In the spring of 2015, the Government of Ontario launched the Changing Workplaces Review – a comprehensive review of employment and labour law to address the rise of precarious work. Faculty associations have been actively engaged in this process, which has been led by two Special Advisors appointed by the government. OCUFA made a submission and thirteen faculty association representatives presented at public consultations across the province. On July 27, the long-awaited Interim Report of the Changing Workplaces Review was released. The report outlines the recommendations that were heard to date and lays out several options for ways forward on each issue.
OCUFA’s initial response to the report is available on our website. The report has the potential to serve as a starting point for a bold plan to address precarious work and promote good jobs at Ontario’s universities and throughout the broader economy. OCUFA estimates that the number of courses taught by contract faculty in Ontario has doubled since 2000. The growth of precarious academic work and the job insecurity, unpredictable scheduling, unfair wages, and lack of access to benefits that contract faculty face have brought the need for stronger employment and labour laws into sharp focus.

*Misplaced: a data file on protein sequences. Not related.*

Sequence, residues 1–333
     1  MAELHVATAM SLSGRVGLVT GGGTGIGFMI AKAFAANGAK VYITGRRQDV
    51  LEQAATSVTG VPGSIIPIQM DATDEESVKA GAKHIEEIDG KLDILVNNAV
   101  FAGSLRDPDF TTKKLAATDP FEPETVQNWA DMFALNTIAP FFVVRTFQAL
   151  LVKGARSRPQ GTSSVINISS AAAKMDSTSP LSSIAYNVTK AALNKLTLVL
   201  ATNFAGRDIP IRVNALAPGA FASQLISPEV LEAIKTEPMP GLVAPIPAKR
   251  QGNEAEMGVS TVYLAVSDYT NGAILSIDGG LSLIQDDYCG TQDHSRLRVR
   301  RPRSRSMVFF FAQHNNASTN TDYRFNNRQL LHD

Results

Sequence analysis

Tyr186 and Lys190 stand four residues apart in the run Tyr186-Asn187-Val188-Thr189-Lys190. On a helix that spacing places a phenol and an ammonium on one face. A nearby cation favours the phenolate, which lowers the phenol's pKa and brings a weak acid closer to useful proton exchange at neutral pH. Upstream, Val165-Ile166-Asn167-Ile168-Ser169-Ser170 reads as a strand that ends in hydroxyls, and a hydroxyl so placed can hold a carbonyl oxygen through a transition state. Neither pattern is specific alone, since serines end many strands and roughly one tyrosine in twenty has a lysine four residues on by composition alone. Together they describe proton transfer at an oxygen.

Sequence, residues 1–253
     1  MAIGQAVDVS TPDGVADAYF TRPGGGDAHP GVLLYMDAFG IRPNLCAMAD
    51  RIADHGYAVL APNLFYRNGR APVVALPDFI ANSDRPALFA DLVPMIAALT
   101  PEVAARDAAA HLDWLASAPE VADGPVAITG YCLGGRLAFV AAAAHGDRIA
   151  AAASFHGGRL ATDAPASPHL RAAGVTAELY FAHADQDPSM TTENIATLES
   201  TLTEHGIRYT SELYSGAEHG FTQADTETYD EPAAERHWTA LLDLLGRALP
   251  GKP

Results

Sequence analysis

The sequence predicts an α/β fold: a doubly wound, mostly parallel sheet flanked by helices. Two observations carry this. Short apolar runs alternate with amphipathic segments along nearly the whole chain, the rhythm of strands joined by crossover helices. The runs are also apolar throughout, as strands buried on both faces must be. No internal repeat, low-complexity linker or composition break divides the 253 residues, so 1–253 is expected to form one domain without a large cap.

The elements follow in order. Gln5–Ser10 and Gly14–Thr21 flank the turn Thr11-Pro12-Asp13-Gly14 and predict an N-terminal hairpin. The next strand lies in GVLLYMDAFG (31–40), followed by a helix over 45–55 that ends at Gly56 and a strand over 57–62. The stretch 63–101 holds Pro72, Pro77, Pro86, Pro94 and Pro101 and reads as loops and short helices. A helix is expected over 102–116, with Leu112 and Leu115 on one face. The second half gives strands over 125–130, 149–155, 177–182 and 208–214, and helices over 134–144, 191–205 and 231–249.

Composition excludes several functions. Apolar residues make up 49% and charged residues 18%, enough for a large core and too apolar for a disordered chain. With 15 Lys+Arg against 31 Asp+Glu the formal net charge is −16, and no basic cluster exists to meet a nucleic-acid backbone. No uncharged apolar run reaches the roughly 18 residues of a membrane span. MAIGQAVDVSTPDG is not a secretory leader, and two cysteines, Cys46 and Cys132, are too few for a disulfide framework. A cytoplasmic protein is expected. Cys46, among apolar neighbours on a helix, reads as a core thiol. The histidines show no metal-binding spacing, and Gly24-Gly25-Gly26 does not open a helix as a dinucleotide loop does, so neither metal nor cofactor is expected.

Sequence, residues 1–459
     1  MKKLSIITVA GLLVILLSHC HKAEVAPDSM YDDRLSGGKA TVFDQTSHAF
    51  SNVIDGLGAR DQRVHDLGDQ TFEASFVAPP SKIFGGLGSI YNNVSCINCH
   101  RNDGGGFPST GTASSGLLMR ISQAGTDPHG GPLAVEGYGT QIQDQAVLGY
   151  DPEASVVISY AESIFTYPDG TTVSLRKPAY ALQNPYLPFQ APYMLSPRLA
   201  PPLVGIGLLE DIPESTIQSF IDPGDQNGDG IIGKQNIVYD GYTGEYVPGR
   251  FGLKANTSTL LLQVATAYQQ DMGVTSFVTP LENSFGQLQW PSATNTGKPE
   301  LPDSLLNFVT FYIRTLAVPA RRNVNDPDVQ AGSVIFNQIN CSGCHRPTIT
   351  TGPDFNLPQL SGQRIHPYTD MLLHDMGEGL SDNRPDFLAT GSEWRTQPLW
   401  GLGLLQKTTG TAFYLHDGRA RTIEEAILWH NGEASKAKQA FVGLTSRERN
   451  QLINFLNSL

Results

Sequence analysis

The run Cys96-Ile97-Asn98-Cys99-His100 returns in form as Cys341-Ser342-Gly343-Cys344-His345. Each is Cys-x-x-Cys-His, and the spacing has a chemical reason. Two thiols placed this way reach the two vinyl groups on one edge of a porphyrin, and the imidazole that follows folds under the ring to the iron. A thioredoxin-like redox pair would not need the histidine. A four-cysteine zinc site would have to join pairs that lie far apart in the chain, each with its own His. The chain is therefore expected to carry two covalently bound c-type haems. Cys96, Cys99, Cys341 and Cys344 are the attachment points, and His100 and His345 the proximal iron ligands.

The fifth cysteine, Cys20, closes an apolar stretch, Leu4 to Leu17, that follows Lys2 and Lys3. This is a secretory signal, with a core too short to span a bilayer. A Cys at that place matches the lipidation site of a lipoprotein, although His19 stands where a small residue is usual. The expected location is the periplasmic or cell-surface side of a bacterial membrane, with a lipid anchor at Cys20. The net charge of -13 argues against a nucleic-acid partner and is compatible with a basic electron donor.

Overall, the Interim Report recognizes that the rise of precarious work “is an urgent and serious threat to the well-being, not only of a significant number of workers in Ontario, but also to their families and Ontario society” (p. 8). It also provides some strong guiding principles that we can encourage government to adopt going forward including that the “right to meaningful collective bargaining is a critically important constitutional right” (p. 16) and that “decent work” should form the basis for employment and labour law (p. 12).
The Interim Report confirms that faculty voices were heard. In particular, faculty association input is attributed directly in the section on wages and benefits for part-time and temporary work: